The way the National Retail Federation sees it, many average people get "hooked" by the "addictive qualities" of selling items online. So great is this addiction that when people run out of things to sell, the retailers claim, they start stealing to get more.
Thus eBay and other online auction sites are encouraging, and profiting from, crime, the retailers say.
The idea that online auctions are insidiously turning masses of law-abiding citizens into crooks is about as valid as the belief that getting the car washed creates harmonic vibrations in the atmosphere that produce rain.
Undoubtedly some purloined goods end up getting sold online. And sometimes rain does fall after the car is washed. But whether it's autos or online auctions, it is a mistake to assume one thing automatically leads to another.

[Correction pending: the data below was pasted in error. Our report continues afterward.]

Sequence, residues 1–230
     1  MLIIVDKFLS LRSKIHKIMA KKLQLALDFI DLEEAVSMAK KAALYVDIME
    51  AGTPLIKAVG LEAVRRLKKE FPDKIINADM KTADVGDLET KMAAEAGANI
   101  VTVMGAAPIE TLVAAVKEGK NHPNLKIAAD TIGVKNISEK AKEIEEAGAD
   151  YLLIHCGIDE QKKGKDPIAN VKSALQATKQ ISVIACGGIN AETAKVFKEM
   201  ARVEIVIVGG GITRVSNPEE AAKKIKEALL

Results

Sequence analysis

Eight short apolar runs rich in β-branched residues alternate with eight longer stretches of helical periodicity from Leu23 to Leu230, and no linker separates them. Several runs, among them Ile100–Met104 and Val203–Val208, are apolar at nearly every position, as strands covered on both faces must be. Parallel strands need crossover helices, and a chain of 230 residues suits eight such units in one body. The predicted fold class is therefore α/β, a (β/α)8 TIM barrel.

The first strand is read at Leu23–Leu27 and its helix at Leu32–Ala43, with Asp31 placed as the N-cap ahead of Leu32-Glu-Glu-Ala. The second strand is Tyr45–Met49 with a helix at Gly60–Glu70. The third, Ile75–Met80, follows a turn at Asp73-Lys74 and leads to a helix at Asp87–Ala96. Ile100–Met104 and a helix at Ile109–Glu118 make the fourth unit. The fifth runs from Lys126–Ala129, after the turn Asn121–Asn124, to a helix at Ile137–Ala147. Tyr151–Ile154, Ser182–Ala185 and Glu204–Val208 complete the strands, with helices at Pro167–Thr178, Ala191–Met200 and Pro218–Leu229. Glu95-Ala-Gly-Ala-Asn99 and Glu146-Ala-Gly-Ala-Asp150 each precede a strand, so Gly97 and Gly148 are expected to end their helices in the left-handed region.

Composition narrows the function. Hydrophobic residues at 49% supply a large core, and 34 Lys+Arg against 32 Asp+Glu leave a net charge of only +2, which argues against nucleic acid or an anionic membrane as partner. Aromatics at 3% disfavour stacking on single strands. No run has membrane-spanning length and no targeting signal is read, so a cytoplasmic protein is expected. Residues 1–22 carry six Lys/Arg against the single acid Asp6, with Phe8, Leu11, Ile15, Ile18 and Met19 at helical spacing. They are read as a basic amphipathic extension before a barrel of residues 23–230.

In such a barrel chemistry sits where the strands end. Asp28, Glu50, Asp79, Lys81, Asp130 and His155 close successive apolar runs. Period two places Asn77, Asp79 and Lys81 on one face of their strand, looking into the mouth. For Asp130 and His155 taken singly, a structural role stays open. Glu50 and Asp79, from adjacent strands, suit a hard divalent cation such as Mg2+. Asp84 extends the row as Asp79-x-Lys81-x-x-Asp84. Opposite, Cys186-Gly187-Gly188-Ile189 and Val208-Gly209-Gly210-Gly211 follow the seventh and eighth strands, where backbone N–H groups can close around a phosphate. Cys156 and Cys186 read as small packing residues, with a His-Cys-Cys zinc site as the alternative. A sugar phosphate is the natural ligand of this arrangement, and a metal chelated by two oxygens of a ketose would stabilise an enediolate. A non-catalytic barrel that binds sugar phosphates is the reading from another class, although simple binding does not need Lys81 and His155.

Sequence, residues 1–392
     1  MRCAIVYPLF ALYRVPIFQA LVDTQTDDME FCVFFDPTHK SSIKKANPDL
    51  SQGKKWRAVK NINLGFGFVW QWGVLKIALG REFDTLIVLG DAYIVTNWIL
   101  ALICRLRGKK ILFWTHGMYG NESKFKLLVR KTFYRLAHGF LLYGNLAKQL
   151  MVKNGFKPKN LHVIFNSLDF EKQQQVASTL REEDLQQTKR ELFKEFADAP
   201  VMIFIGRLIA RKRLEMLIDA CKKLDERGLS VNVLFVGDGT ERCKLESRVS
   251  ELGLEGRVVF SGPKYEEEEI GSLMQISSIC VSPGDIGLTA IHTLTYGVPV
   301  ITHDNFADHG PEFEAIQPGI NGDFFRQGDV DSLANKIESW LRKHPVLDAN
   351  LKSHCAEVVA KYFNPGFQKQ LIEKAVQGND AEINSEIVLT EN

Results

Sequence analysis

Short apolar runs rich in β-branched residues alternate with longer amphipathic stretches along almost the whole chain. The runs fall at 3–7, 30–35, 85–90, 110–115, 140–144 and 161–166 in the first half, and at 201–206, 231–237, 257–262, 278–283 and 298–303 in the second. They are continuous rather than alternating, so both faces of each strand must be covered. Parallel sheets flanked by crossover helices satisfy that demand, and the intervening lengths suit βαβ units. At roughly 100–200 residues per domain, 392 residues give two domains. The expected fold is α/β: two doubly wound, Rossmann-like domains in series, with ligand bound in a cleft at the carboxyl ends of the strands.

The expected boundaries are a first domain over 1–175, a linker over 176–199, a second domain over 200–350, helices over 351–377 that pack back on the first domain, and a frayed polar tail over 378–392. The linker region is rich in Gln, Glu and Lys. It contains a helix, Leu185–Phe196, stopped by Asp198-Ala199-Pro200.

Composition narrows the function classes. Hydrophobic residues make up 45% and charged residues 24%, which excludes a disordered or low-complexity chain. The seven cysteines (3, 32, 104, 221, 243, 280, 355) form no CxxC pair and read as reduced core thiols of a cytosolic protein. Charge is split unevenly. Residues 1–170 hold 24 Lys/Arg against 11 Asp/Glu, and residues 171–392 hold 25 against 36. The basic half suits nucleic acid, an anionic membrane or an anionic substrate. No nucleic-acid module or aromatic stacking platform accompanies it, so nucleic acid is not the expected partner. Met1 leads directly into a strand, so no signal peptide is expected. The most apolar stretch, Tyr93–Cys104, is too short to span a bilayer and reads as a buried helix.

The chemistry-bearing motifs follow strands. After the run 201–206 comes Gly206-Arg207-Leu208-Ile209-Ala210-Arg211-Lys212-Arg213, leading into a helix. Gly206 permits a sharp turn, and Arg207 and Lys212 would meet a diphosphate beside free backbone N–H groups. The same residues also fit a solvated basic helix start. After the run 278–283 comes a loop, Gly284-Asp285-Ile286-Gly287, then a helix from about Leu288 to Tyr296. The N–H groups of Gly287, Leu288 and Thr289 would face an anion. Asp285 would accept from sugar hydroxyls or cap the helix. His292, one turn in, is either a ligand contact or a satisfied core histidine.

Nonetheless, traditional retailers are lobbying for federal legislation that would force internet auction services to become internet inquisitors. The auction sites would have to snoop on sellers to sniff out transactions that might involve stolen goods whenever a retailer asked, even if the retailer merely suspected something about an offer was dicey because of a low price.
This would be an impossible burden. Some 112 million items are for sale at online auctions at any given time. And online auctioneers aren't in the best position to catch thieves. Retailers are. Indeed, some half of all retail theft is committed by store employees.
Impossible regulatory requirements should not be used to force eBay and other auction sites into acting as shadow police, interrogating large numbers of sellers about where and how they obtained items listed for sale. eBay is a community that encourages open and honest communication among all its members. Our community is guided by five fundamental values: